As it turns out, Blixt & Co.'s founder Lars Magnusson served as an instructor at the West London Shooting School from 1995 to 2003. He directed the establishment of the West Stockholm Shooting School in Sweden. In 2003, he was recruited by Griffin & Howe as its managing director of their Shooting School here in the U.S. In 2006, he moved to Jackson Hole to help a group of investors establish one of the first traditional pheasant and partridge shooting estates in North America. Blixt & Co. was formed in the summer of 2008 and is focused on helping land owners in the American West to create shooting related solutions on their land.

Lars' wife, Jennifer, serves as a marketing executive with Blixt & Co. and as the director of the Ladies Shooting Syndicate. "The interest in woman shooters is growing," she said by phone.

In forming the Ladies Shooting Syndicate, Blixt tastefully packaged its services for women shooters.

Notably, the Ladies Shooting Syndicate aims to adapt the traditional art of shooting to women - without turning it into a men's event for women.

"What's interesting for gentlemen is not necessarily interesting to women," Jennifer explained. "There's a slightly different focus: some women don't have the experience to feel comfortable to be on the line yet. We want to make a woman feel comfortable to be on a peg in a line of men shooters...and eventually have a full line of ladies shooting."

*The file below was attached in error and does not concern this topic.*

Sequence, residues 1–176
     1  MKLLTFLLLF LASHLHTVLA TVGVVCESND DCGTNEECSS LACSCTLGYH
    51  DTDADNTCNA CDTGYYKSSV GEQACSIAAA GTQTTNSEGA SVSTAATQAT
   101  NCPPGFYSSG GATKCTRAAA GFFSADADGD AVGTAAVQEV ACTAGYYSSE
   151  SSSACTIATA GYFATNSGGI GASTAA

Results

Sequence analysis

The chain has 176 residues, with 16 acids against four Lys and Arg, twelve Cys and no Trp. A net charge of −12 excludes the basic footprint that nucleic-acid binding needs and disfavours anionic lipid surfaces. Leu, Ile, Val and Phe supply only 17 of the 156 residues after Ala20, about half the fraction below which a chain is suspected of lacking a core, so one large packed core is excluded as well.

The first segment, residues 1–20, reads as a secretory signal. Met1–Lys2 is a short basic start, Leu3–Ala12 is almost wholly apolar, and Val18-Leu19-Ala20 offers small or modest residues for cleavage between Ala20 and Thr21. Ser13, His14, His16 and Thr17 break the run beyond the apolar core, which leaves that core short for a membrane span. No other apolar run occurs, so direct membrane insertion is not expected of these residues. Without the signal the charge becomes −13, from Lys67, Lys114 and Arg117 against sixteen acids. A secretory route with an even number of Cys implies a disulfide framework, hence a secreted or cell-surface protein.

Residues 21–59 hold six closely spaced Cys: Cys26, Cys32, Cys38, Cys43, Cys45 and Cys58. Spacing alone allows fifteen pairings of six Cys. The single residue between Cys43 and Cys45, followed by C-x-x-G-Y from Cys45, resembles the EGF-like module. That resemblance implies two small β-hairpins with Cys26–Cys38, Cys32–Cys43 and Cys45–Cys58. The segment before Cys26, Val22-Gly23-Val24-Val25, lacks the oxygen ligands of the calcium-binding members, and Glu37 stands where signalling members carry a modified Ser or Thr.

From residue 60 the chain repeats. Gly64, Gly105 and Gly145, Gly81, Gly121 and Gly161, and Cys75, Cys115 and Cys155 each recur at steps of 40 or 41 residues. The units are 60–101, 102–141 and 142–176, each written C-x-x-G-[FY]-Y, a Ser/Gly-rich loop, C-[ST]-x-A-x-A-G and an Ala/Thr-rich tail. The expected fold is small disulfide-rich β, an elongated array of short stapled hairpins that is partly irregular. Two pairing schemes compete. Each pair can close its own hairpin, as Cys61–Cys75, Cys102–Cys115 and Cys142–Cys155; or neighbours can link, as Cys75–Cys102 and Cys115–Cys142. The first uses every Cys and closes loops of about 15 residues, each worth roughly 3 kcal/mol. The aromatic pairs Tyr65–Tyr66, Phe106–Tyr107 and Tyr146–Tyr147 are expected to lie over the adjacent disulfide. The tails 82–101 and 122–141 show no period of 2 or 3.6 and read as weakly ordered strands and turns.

Jennifer will make sure that women who need the proper English attire will be steered to the appropriate outfitters who have apparel for the female shape; women who need smaller shotguns will have access to better fitting game guns; and women who were introduced to the art of gameshooting by the men in their lives will now get the opportunity to move out on their own.

In talking with Jennifer, one point came across quite clear: the Ladies Shooting Syndicate is about friendship and etiquette. Proper English shooting attire and a working knowledge of a safe and traditional shoot lend that theatrical atmosphere to a delightful day outdoors with a fine side-by-side and the company of other women.

"Basically, it's about grace, elegance and tradition," she said.

Blixt & Co. will go to great lengths to introduce women to the world of shooting. The organization provides certified instructions to ensure a time-honored and safe shooting experience for its members.

Starting spring 2009, the Ladies Shooting Syndicate will open its door to all women with a passion for wing shooting and the great outdoors.

Here is a list of their planned events for 2009:

Shoot in the West
May 1 - 3rd
Colorado

Lessons & Lunch
May 16th
Griffin & Howe's Shooting School
Hudson Farm, New Jersey

Girls, Guns & The Grand
June 5 - 7th
Jackson Hole, Wyoming

Ladies Team
September 2009
Game Conservancy Showcase
Hudson Farm, New Jersey

For additional information, please visit the Blixt & Co. web site at
http://www.blixtco.com.

It's FREE, But It's Not for Everyone
Join an elite group of readers who receive their FREE e-letter every week from Shotgun Life. These readers gain a competitive advantage from the valuable advice delivered directly to their inbox. You'll discover ways to improve your shooting, learn about the best new products and how to easily maintain your shotgun so it's always reliable. If you strive to be a better shooter, then our FREE e-letter is for you.

Please fill out this form to sign up. Your Name: * Email: We value your privacy. We will never rent or sell your e-mail address to another company.
Irwin Greenstein, Publisher